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Night Terrors

Teresa Shaw | 2, June 2008


Night Terrors

Night terrors is a sleep disorder that typically occurs in children aged three to twelve years, with a peak onset in children aged three-and-a-half years. It is estimated that one to six percent of children experience night terrors. They occur equally as often in boys and girls, and all races seem to be equally affected.

To understand why night terrors occur, it's important to first understand the science of sleep. Sleep is divided into two categories: rapid eye movement (REM) and non-rapid eye movement (non-REM). Non-REM sleep has four stages, progressing from stages one through four. Night terrors occur during the transition from stage three to stage four of non-REM sleep.

When Do Night Terrors Occur?

A typical night terror episode will usually begin about ninety minutes after the child falls asleep. The child will sit up in bed and may scream, kick, panic, thrash, or mumble, and he or she will appear awake but be confused, disoriented, and unresponsive to stimuli. The child may not respond to comforting by the parents; in fact, his or her eyes may be wide open but the child will not seem to be aware of the parents' presence in the room.

Most episodes last for one to two minutes, but may extend to up to thirty minutes before the child relaxes and returns to normal sleep.

What Are the Signs of Night Terrors?

Night terrors stand apart from the much more common nightmares, which occur during REM sleep. Night terrors include frequent, recurrent episodes of intense crying and fear during sleep. A child experiencing night terrors will be difficult to waken. Other signs include the following:

  • Tachycardia (increased heart rate)
  • Tachypnea (increased breathing rate)
  • Sweating during episodes

Unlike nightmares, most children cannot remember their dreams after a night terror episode, and usually do not remember experiencing the terrors the next morning.

If the child does awake during a night terror, he or she might remember only small pieces of the episode.

What Causes Night Terrors?

There are many possible causes for night terrors, including the following:

  • Stressful life events
  • Sleep deprivation
  • Fever
  • Medications that might affect the central nervous system

Safety at Home

At home, parents can take the following precautions to keep their child safe during an occurrence of night terrors:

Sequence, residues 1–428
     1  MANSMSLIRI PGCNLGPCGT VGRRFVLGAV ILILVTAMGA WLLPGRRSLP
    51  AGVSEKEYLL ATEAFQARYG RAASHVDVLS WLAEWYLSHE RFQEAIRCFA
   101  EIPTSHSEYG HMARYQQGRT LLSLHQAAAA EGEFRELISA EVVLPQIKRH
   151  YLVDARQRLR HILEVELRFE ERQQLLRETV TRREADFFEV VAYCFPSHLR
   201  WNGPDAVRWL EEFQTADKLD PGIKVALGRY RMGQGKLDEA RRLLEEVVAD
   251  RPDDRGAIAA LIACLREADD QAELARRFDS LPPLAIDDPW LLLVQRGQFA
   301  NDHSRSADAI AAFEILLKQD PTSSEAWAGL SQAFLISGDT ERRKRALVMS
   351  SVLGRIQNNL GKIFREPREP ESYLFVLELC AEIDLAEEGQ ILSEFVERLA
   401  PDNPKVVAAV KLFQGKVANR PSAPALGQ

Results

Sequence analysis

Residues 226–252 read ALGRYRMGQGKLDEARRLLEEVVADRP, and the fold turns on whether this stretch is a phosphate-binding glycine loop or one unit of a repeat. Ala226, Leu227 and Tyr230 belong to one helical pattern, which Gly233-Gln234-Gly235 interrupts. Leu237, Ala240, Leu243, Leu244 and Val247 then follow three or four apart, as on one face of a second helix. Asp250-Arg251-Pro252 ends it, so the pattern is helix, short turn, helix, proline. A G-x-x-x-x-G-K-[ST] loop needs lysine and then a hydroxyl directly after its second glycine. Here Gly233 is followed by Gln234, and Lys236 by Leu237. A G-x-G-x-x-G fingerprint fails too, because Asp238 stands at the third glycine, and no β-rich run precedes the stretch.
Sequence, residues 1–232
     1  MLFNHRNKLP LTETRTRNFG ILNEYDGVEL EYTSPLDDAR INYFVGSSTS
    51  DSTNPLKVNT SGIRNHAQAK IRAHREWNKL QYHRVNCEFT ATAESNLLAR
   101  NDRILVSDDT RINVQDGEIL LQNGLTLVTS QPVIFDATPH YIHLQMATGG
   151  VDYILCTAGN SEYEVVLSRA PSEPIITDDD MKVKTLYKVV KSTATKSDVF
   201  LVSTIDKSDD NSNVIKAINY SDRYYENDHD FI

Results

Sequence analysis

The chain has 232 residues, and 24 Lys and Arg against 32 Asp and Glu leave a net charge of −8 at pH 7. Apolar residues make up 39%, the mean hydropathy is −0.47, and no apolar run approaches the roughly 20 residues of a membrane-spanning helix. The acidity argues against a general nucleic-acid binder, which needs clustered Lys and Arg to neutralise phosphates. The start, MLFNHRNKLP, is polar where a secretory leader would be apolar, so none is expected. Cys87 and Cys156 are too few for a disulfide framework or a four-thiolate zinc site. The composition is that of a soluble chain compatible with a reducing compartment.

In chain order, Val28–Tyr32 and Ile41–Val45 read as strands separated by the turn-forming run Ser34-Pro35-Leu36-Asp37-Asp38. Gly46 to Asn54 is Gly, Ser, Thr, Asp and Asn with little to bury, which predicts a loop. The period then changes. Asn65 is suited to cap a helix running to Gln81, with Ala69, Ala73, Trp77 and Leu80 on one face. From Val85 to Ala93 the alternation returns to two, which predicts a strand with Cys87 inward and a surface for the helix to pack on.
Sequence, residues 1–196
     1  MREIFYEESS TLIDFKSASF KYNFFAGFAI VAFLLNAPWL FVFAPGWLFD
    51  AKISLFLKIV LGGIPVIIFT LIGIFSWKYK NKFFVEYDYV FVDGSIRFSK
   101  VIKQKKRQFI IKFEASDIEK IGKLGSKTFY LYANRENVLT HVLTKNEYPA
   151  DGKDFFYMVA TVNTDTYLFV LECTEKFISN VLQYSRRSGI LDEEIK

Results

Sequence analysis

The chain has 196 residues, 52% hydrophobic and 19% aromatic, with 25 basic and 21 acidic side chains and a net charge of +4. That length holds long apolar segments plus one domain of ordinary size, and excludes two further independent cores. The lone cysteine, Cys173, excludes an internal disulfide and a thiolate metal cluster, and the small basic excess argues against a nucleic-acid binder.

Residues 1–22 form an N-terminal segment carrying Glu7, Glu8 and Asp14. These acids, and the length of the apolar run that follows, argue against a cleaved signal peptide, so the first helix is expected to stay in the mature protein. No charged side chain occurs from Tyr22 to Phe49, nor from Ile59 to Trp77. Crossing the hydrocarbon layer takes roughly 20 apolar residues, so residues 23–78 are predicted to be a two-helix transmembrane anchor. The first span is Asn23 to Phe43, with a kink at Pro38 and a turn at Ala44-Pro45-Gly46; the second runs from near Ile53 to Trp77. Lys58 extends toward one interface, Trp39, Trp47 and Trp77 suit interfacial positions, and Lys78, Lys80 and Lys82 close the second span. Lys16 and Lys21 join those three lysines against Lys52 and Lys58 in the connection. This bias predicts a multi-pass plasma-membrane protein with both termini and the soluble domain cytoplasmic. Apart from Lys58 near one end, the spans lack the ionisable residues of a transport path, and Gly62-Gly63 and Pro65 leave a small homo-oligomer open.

• Ensure that the child's room is safe so that no injuries will occur during an episode. If your child leaves his or her bed, gently redirect him back to bed so no injury can occur.
  • Eliminate all sources of sleep disturbance, such as loud noises or bright light.
  • Maintain a consistent bedtime routine and wake up time.

Parents may also wish to incorporate a change in bedtime routine, such as moving bath time from evening to morning to reduce the amount of stimulation before bedtime. Gently stroking a child's skin or hair with a soft brush may also help him or her to relax and feel comforted before bed.

When a night terror occurs, turn on the lights to rid the room of any strange shadows that might scare your child. Speak in a soothing voice and, if your child allows it, stroke or gently rock him or her.

Chronicling Night Terrors

Night terrors are disruptive to a child's sleep. In fact, half of all children affected develop a disrupted sleep pattern serious enough to warrant physician assistance.

The first step may be to chronicle your child's nighttime events in a sleep journal and see if there is a pattern between night terrors with troublesome daily events. Note how many minutes it is from the time your child falls asleep until the start of the night terror. Start to wake up your child every fifteen minutes before the expected time of the night terror, and keep him or her fully awake and out of bed for five minutes. Continue waking your child like this for seven consecutive nights. If the night terrors return when you stop waking your child, repeat as needed.

When to Seek Medical Care

Children who have nightly occurrences of sleep terrors for a month or more, or who have multiple episodes in one night, should be evaluated by both a pediatrician and a sleep disorder clinic.

If think your child is experiencing night terrors, an evaluation by your family's pediatrician may be useful. During this evaluation, the pediatrician may also be able to exclude other possible disorders that might cause night terrors.

Teresa Shaw is a professional editor and freelance writer with a degree in English and journalism. She writes about motherhood, travel, and cooking, among other topics, for a variety of print and online markets. She enjoys spending time with her husband, daughter, two cats, and dog.

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Briana Feb 13, 2012 04:49:03 AM ET

My little girl is one and she does what the article says but isnt she a bit young

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